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Saturday, October 15, 2011

Swimming to Chicago by David-Matthew Barnes

Publication Date: 10/18/2011
Publisher: Bold Strokes Books
Pages: 264
Format: e-Book
Source: netGalley
Goodreads | Amazon

Goodreads Summary:
Reeling from his mother's suicide, seventeen-year-old Alex Bainbridge retreats from the world around him, often finding solace on a secluded island behind his house. As an Armenian-American living in a small Southern town, Alex struggles to fit in. His close friendship with the outspoken Jillian Dambro is his only saving grace, until he meets and falls in love with Robby LaMont—an introverted new student at school. As the year unfolds and the lives of the adults around them unravel, the three teens form an unbreakable bond, vowing to do anything to stay together—even if it means leaving everything behind.

What a weirdly entertaining book.  Alex has always had trouble fitting in, but over the summer he has found out something interesting about himself.  He is gay.  He doesn't want anyone to know, including his best friend Jillian Dambro.  Jillian and Alex have been friends since forever.  They tell each other their secrets and the school thinks they have been in a relationship with each other for the longest time.  Then, a new family comes to town.  Robby LaMont is gay and interested in Alex. Alex is also interested in Robby.  Jillian finds herself attracted to Robby's father, who happens to also be her English teacher.  This attraction leads to a lot of consequences for everyone involved.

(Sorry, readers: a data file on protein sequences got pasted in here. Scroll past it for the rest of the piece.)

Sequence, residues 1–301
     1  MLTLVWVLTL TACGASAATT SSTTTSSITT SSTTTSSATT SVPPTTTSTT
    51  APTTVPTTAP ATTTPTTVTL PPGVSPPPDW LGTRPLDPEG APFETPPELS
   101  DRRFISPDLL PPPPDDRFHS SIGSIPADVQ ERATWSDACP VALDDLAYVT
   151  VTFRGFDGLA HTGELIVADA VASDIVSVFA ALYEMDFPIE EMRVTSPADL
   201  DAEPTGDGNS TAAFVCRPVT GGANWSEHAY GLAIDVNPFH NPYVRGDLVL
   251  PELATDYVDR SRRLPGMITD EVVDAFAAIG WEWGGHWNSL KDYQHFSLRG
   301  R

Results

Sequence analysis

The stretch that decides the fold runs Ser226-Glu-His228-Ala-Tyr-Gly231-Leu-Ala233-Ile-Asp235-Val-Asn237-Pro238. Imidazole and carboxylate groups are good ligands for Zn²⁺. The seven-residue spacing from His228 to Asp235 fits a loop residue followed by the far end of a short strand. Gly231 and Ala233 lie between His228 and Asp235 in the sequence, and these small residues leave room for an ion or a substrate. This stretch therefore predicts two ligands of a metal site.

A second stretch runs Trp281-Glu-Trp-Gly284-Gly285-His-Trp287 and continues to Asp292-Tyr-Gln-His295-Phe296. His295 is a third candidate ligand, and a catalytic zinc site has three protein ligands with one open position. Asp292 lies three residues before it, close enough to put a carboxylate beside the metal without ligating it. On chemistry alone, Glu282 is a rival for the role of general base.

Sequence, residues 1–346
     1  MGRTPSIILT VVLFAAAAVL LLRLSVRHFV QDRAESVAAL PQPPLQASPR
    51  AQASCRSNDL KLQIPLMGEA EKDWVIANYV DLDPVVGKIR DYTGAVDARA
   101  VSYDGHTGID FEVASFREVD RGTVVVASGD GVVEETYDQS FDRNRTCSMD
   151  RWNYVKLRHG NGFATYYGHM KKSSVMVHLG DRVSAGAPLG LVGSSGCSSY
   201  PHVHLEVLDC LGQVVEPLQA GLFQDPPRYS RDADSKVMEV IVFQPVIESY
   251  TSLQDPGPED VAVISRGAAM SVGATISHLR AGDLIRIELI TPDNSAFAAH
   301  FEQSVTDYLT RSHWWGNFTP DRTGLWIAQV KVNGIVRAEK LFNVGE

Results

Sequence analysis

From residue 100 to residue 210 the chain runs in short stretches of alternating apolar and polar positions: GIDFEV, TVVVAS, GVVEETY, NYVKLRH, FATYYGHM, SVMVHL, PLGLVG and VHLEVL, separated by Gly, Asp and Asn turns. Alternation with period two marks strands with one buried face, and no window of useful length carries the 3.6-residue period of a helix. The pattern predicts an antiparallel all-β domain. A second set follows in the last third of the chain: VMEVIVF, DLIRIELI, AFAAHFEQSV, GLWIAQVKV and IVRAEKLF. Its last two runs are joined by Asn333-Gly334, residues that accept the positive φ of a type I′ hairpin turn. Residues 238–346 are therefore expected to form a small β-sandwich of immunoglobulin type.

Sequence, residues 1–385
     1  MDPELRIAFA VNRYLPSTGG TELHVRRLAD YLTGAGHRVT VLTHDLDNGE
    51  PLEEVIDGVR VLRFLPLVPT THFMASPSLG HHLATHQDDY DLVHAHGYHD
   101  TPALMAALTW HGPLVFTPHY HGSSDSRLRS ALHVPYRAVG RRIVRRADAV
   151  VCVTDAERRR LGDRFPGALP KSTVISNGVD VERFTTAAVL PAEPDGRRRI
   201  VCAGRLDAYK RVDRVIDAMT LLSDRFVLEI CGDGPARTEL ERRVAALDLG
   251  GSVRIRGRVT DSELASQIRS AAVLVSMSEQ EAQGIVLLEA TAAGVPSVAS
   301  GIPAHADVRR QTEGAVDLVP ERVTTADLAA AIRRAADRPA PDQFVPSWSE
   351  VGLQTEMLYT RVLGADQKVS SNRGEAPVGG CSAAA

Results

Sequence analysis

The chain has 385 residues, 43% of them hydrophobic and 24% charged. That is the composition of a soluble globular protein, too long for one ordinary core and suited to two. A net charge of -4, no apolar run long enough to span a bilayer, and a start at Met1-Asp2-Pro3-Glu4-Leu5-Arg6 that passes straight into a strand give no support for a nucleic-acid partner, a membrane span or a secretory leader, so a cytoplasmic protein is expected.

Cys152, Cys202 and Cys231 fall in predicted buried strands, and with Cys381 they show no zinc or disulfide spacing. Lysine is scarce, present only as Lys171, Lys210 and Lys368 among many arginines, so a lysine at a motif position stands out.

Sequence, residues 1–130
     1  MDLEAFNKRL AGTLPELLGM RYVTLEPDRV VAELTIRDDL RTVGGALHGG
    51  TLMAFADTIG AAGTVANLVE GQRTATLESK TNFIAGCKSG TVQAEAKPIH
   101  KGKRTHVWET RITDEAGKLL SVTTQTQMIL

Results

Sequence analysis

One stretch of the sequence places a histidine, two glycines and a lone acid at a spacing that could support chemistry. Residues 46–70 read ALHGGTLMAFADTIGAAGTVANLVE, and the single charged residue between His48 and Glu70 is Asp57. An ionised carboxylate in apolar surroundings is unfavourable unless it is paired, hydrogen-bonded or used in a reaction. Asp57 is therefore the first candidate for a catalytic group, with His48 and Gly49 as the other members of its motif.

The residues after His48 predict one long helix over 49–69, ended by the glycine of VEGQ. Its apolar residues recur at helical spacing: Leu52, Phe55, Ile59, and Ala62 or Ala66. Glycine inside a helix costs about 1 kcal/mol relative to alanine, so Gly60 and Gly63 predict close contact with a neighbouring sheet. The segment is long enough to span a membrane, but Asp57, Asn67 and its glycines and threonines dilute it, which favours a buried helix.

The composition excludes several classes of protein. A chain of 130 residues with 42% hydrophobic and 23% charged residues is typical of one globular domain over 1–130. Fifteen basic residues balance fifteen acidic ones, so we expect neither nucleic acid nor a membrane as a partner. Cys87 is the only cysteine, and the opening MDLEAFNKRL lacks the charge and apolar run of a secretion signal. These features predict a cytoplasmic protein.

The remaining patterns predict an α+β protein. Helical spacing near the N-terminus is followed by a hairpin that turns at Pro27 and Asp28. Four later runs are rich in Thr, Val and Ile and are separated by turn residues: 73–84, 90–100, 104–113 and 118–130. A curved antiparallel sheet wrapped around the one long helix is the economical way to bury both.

This book was told in four different viewpoints.  We heard from Alex, Jillian, Martha (Robby's mother) and John (Alex's father).  It was difficult at times to keep these viewpoints separate.  The stories didn't seem to mesh well together at first, but once the book moved further along I understood the reasoning behind these four viewpoints.  We were able to get more of a back story by learning more from the view of the different characters involved.  This was a heartbreaking story that caused a lot of sadness, but also brought success for Alex and Robby.  In the end, these two were able to live together and in the open.  They were able to accept who they are and move forward.  These teens went through some tough times, but were able to make the best decisions for themselves.  Overall, I enjoyed the book.  It made me think once again about how we need to fight for acceptance for gays and lesbians.  We need to stop the bullying in schools and prevent these actions from occurring.  I think this book highlighted the need to stop bullying and the fears gay high school students have when deciding whether or not to reveal their sexuality.  I had a couple of issues with the book in terms of following the characters, but in the end it was a pretty good read.

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